• DAP (Delivery at Place): The seller assumes all risks and costs associated with delivering goods to an agreed-upon location, including packaging, documentation, export approval, loading charges, and delivery.
  • DPU (Delivery at Place Unloaded): Requires the seller to deliver the goods at the buyer’s disposal after they have been unloaded from the arriving means of transport.
  • DDP (Delivery Duty Paid): All risks, costs, and transportation responsibilities lie with the seller.

US importers or exporters need to understand all of the Incoterms regardless of the mode of transportation, as they are intended to be used in all types of transportation, including air, water, rail, or vehicle.

It’s essential to clearly understand each Incoterm and its implications to ensure that the terms agreed upon between the buyer and the seller accurately reflect their respective responsibilities and liabilities throughout the transaction.

Importers and exporters should carefully consider the mode of transportation, the nature of the goods being transported, and the parties involved when choosing the appropriate Incoterms for their transactions.

Although it’s still possible to use previous versions of the Incoterms rules (such as Incoterms 2010), it’s not recommended. If you choose to use a version of Incoterms other than ICC Incoterms 2020, it’s necessary to explicitly state which version you are using and ensure that your documentation is accurate throughout the transaction.

How do the ICC Incoterms 2020 differ from Incoterms 2010?

What’s new in Incoterms 2020?

The changes made in the 2020 update address increased security requirements, improved clarity on cost allocation, and tackled insurance concerns. Here are the latest updates to the Incoterm rules and how they compare to the previous 2010 editions:

DAT becomes DPU

The most noticeable change for those familiar with Incoterms is that Delivered at Terminal (DAT) became Delivered at Place Unloaded (DPU). The ICC decided to rename the term for situations where the buyer or seller of the goods would want the delivery to occur somewhere other than a terminal.

FCA and on-board Bills of Lading

This update refers to the term Free Carrier (FCA), where the seller is responsible for making the goods available to the buyer at their premises or a named place. In this instance, the seller is responsible for loading the goods onto the buyer’s mode of transportation. 

Issues arose with this term when the seller was responsible for loading goods into transportation hired by the buyer instead of directly with an international carrier. Buyers and sellers may have agreed to use a letter of credit as a payment method for this transaction. Still, banks usually require a Bill of Lading to be presented with an onboard notation before getting paid for trade. The issue is that international carriers usually won’t provide a Bill of Lading to sellers who did not deliver the goods directly.

Under the new ICC Incoterms 2020, FCA states that all parties agree the buyer should instruct their carrier to issue a bill of lading. The onboard notation becomes the seller’s responsibility to avoid the logistics issues described above.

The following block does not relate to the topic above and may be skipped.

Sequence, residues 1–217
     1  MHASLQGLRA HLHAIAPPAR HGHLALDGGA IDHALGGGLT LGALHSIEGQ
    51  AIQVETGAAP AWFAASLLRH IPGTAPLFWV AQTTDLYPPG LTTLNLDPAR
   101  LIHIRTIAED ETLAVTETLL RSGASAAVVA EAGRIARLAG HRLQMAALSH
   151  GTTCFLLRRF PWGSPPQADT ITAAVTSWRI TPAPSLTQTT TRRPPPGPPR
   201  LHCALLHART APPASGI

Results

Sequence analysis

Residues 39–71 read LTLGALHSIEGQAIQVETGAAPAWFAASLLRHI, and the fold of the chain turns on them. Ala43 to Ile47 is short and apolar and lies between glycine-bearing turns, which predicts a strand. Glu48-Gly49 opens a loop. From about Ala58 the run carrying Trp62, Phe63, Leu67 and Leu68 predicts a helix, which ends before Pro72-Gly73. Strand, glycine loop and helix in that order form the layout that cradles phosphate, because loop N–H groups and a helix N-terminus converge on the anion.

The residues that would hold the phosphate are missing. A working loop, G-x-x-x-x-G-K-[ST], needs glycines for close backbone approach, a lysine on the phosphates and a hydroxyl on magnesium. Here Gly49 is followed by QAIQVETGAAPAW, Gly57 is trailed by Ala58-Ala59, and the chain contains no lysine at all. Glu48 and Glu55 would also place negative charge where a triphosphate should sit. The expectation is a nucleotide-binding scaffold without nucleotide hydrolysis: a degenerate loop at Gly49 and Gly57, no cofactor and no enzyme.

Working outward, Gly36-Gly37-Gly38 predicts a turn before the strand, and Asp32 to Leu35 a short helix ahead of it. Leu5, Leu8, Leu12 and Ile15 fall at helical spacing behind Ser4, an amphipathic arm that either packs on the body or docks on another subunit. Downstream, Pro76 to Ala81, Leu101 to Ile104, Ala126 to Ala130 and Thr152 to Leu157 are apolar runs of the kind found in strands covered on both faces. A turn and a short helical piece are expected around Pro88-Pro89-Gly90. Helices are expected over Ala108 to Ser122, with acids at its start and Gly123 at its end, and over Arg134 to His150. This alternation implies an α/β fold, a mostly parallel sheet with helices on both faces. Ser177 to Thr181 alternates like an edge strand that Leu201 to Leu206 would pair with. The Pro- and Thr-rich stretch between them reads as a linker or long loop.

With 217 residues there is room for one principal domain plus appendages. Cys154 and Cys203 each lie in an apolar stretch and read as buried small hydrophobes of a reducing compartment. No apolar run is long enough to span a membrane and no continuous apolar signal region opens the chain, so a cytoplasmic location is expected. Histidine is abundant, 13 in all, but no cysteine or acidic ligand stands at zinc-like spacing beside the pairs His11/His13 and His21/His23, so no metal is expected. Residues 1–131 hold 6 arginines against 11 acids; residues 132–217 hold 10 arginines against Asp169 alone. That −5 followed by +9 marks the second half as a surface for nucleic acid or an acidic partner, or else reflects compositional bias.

Different levels of insurance coverage

CIF and Carriage and Insurance Paid To (CIP) are the only two Incoterms that determine which party is responsible for insuring the goods during transportation. In both cases, the seller is responsible for providing insurance coverage.

Under the previous Incoterms 2010, the seller was required to obtain the minimum insurance coverage under the Institute Cargo Clauses for both CIF and CIP. However, under the ICC Incoterms 2020, the seller must now obtain a higher level of insurance coverage for CIP — equivalent to at least 110% of the value of the goods. However, the insurance requirement for CIF remains the same.

DIY sellers

The ICC Incoterms 2010 used language that indicated that sellers would be working with third-party delivery companies to transport goods to their intended destination.

The new ICC Incoterms 2020 acknowledges some sellers might use their own transportation to deliver goods. They are referred to as “do-it-yourself” (DIY) sellers. The terms now allow sellers to either make a sales contract for the carriage of goods or to arrange transportation themselves, depending on their preference.

Security requirements

Security measures for importing and exporting have significantly increased over the last decade, and there are now more formal rules governing security. The 2020 Incoterms explicitly outline these security requirements in defining the responsibilities of buyers and sellers in international trade.

How to overcome international currency challenges when importing or exporting goods

Running a business is rarely straightforward, and there are always administrative challenges when managing an international venture. Using accounting software can help streamline paperwork and save time.

With a Zyla Account, you can open multiple local currency accounts for free, making it easier to pay partners, suppliers and staff. So, whether you’re buying products from overseas or organizing shipping, the Zyla Account’s got you covered. Open an account today and you could be approved, set up and trading internationally in 24 hours. Get started or find out more by calling (855) 797-3366 today.